Tax increment financing (“TIF”) is an economic development tool authorized by Missouri statutes (Sections 99.800 – 99.865, RSMo, the “TIF Act”). It allows cities and counties to encourage development in areas of the community that would not otherwise develop or redevelop “but for” TIF financial assistance.

When a City or County adopts a TIF Plan, the expectation is that increased taxes (the new increment) will result from the new development. The new increment comes from the increased real property value being applied to most (but not all) real property tax levies, and 50% of the increased economic activity being applied to most sales and utility (and in some cities, earnings and profits) tax levies.

This new increment is captured and used to pay for certain project costs. Existing taxes are not impacted. The creation, approval and implementation of TIF Plans are governed by the TIF Act, although the decision to adopt a TIF Plan and the extent of TIF assistance provided rests with the local governing body.

No. Approval of a Tax Increment Financing plan is not a tax rate increase. The incremental taxes referred that are captured are the newly created taxes resulting from the project. It is this new tax revenue that is used to pay for a portion of the project costs.

No. All property owners and businesses located in a TIF project area pay the same amount of taxes that would have been paid if the area was not a TIF project, no less and no more.

Instead, TIF alters the distribution of the tax revenue stream. The taxes existing prior to TIF designation continue to flow to the taxing districts that previously received those tax dollars.

The new increment of taxes over the “base” level is set aside as it is generated over time (up to 23 years) in a separate fund, and used to either reimburse the developer for certain specified project costs as TIF revenue is generated over time or make periodic payments to pay private financing or (at the discretion of the governing body) bonds that financed the reimbursable project costs.

A TIF Plan can be adopted for an area that meets the TIF Act’s definitions of a “blighted area”, a “conservation area” or an “economic development area”. After a hearing and recommendation by a TIF Commission, the governing body can adopt a TIF Plan after making certain findings that include a finding that the redevelopment “has not been subject to growth and development through investment by private enterprise and would not reasonably be anticipated to be developed without the adoption of tax increment financing”. This is commonly referred to as the “but for” test.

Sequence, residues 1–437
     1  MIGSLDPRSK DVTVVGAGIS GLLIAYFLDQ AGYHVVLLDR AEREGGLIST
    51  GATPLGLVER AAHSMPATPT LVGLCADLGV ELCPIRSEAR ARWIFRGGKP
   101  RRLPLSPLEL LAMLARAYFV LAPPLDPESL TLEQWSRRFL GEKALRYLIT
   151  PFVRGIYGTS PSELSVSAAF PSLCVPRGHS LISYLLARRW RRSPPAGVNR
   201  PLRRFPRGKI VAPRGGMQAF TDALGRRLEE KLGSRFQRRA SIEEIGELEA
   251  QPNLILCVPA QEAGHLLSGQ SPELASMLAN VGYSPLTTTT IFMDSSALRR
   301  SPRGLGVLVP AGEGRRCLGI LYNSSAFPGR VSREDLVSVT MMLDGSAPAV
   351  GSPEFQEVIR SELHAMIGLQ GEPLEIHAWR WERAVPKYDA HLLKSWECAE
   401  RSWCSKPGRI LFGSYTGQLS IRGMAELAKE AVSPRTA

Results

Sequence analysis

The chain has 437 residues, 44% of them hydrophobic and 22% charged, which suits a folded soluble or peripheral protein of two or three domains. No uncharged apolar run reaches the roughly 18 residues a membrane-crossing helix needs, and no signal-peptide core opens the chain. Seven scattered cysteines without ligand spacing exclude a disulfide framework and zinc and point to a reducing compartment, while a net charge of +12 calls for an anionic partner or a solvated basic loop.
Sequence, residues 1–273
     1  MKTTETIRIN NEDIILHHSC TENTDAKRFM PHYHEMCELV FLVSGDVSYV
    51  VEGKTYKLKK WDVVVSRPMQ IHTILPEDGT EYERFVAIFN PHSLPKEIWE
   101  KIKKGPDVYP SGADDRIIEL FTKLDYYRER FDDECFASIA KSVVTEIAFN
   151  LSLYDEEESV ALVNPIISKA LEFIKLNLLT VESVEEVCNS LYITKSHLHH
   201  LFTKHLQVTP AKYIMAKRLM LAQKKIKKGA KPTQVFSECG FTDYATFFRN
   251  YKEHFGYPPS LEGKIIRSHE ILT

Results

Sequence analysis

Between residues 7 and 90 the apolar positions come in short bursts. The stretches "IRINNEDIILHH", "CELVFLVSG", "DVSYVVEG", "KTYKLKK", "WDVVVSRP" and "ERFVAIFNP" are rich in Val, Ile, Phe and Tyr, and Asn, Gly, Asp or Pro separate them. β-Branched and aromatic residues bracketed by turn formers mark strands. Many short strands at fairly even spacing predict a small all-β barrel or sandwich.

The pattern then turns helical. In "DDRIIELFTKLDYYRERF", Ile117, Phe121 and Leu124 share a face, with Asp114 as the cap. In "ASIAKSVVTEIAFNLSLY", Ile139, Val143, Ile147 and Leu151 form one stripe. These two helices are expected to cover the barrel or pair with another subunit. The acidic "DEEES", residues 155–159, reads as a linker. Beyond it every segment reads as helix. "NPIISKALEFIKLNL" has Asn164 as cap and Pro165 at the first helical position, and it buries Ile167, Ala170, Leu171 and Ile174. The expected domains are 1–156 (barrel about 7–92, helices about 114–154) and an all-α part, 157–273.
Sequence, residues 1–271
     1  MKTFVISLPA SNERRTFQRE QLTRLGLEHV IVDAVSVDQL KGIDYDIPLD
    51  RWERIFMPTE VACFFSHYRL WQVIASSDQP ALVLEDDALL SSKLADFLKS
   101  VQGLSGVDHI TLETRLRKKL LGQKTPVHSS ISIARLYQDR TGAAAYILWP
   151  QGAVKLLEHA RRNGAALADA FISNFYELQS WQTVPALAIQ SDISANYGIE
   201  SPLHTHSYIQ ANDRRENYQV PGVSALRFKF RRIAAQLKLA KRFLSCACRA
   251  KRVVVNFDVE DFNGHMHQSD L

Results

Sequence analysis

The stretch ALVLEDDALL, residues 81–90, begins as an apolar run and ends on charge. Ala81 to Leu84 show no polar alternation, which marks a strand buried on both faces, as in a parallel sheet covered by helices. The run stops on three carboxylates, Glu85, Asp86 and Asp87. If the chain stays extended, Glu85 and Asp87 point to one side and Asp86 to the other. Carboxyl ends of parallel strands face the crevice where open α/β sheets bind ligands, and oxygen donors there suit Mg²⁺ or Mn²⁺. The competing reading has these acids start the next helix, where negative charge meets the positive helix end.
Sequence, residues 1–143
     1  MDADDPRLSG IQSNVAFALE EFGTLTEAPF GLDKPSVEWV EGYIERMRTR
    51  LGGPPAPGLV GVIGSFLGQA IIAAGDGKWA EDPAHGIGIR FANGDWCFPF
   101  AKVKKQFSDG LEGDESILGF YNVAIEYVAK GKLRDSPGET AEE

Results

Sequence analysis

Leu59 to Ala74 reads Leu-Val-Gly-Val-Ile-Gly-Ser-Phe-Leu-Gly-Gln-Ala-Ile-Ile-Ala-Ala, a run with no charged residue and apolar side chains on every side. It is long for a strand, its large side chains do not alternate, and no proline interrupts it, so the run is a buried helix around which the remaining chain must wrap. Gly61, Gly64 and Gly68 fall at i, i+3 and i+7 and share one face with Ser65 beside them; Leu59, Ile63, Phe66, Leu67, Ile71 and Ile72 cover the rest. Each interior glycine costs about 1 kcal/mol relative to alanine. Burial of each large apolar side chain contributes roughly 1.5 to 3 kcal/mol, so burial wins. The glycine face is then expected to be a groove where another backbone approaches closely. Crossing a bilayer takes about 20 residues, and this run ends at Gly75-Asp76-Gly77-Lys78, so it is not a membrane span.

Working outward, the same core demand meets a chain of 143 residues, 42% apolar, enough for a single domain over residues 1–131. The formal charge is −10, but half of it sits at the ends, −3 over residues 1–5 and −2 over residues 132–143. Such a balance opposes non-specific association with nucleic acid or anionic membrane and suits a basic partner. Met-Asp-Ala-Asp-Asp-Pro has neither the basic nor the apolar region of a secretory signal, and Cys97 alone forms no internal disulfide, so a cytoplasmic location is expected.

The TIF Act specifies that in order to make this finding, there must be detailed evidence of the factors that supports the finding and a signed affidavit of the developer attesting to the conditions supporting this finding. Some municipalities engage consultants to review project financial information to assist in this determination.

No. Where the “but for” test is satisfied, the area being developed with TIF assistance would not have otherwise developed. Under a TIF Plan, the taxes existing prior to TIF designation continue to flow to the taxing districts that previously received those tax dollars. In addition, taxing districts that levy economic activity taxes (such as sales or earnings taxes), receive 50 percent of the new taxes generated by the project. Certain property and sales tax levies are not captured by TIF at all. And when the TIF Plan terminates, the taxing districts will receive substantial revenue from property that previously generated little or no taxes.

TIF revenue can be used to pay for any reasonable or necessary costs incidental to the TIF Plan or one of its projects.

This can include, among other things, costs of studies, architectural, engineering, legal, marketing, financial and planning costs, property assembly costs, demolition, clearing and grading of land, costs of rehabilitation, reconstruction, or repair or remodeling of existing buildings and fixtures; costs of construction of public works or improvements and financing costs.

However, the TIF Act includes certain limitations on the use of TIF revenues that apply to specific types of projects or to specific areas or types of areas.

In all cities and counties, the governing body creates the TIF Commission. The size of the TIF Commission varies depending on the municipality creating it. All TIF Commissions have the same mix of nine members, comprised of six members appointed by the governing body, two members appointed by the affected school district and one member appointed by the other taxing districts who levy property taxes.

In the City of St. Louis and in any County (other than St. Louis County), the TIF Commission is made up of those nine members. In St. Louis County and cities in St. Louis County, three additional members are appointed by St. Louis County, making a 12 member TIF Commission.

All other Cities have 11-member TIF Commissions comprised of the nine basic members plus, two members appointed by the affected county.

Yes. Today more than 47 states use TIF to some extent, including all states bordering Missouri.